Central Role of the Conceptual Site Model for Contaminated Site Management

Central Role of the Conceptual Site Model for Contaminated Site Management

A Conceptual Site Model (CSM) represents the physical, chemical, and biological processes that influence the transport, migration, and resulting impact of environmental contamination on human and ecological receptors. The CSM can take many forms. It could be as simple as a qualitative graphical representation, or the condition of the site and magnitude of risk could demand something as complex as a three-dimensional, numerical fate and transport model linking all the processes that may affect contaminant distribution. The CSM may also incorporate potential uses of the site. Regardless of its scope, a CSM is dynamic and always subject to update, revision, and reinterpretation based upon new data and information collected from the contaminated site. It is an invaluable tool for developing management strategies, evaluating risks, designing remedies, and identifying uncertainties, as well as communicating those factors to stakeholders including regulatory agencies and the public.

Elements of a CSM Vary Based on Site

A CSM is designed in response to a specific site, thus the elements incorporated will vary. For example, a CSM developed for a site with a leaking underground gasoline storage tank will often include operational history of the facility, physical location of the tank(s), location of associated piping, anecdotal and recorded information regarding spills, and records of missing inventory. The CSM will also consider the geologic and hydrogeologic setting within property boundaries and possibly beyond to the surrounding area. Sampling and observational history may be recorded to determine the amount, form, and distribution of contaminants, as well as the design, operation, and performance of any previous or ongoing remedial activity. Additionally, the CSM may include the history of surrounding properties to determine if other potential contamination sources exist, such as a previous service station or maintenance facility.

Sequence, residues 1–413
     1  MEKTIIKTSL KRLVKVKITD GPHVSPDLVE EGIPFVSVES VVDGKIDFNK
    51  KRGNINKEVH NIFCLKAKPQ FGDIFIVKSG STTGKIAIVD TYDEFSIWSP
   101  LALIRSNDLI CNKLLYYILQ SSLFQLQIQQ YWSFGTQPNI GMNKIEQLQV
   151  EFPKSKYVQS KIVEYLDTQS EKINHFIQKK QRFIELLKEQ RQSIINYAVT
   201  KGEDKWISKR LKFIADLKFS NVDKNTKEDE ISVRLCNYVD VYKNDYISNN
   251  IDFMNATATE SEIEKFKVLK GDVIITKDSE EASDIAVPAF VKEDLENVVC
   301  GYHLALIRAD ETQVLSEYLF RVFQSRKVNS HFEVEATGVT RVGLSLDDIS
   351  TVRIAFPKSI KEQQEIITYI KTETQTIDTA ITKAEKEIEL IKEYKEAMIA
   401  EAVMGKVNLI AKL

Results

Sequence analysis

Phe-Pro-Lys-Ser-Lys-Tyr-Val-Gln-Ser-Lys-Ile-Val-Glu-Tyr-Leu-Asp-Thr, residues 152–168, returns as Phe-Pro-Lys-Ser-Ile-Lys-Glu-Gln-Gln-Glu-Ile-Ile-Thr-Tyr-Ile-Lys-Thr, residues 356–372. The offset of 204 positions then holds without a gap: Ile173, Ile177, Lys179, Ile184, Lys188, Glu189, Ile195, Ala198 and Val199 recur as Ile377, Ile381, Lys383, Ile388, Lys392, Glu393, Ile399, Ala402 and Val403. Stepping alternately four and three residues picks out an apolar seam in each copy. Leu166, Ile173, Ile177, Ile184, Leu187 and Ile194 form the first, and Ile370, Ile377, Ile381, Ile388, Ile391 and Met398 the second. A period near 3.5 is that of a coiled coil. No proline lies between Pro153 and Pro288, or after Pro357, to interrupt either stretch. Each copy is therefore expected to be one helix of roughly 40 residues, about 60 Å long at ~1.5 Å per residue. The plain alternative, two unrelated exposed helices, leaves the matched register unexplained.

The CSM is not static after initial development. Rather, it can be reassessed throughout its implementation. For example, additional data may be collected, such as an additional groundwater sampling event or sampling of a monitoring well. Additional data collected may reveal that modifications are needed to ensure the CSM remains effective.

Application of a CSM

Once formulated, the CSM can identify data gaps for additional investigation. It will aid in understanding the relevant risks, which may include discharge to a surface water body, affect a drinking water source, or create vapor intrusion for nearby residences. The CSM is also critical in developing remedial objectives and design. Because remedial objectives are often developed from risk-based criteria, an accurate CSM provides a basis to justify alternative cleanup levels, technical impracticability waivers, and groundwater reclassification. The CSM may also help identify remedial objectives that are more appropriate than default maximum contaminant levels or drinking water standards. A CSM provides an understanding of the contaminants present, their concentrations, phase distribution, and factors affecting their fate and transport, which are important to producing an effective remedial design. An incomplete or inaccurate CSM (such as higher than expected contaminant mass, inaccurate plume delineation, additional or incompletely delineated source areas, or offsite plumes contributing to onsite contaminants) can contribute to ineffective remedies.

In a free whitepaper entitled Expedited Exit and Remedy Optimization Strategies for Contaminated Sites, I further explore Woodard & Curran’s use of a CSM to evaluate site conditions, identify contaminant fate and transport, risks to human health and the environment, develop appropriate cleanup objectives, and effective contaminated site management strategies for our clients. 

 

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National Practice Leader
In-Situ Remediation

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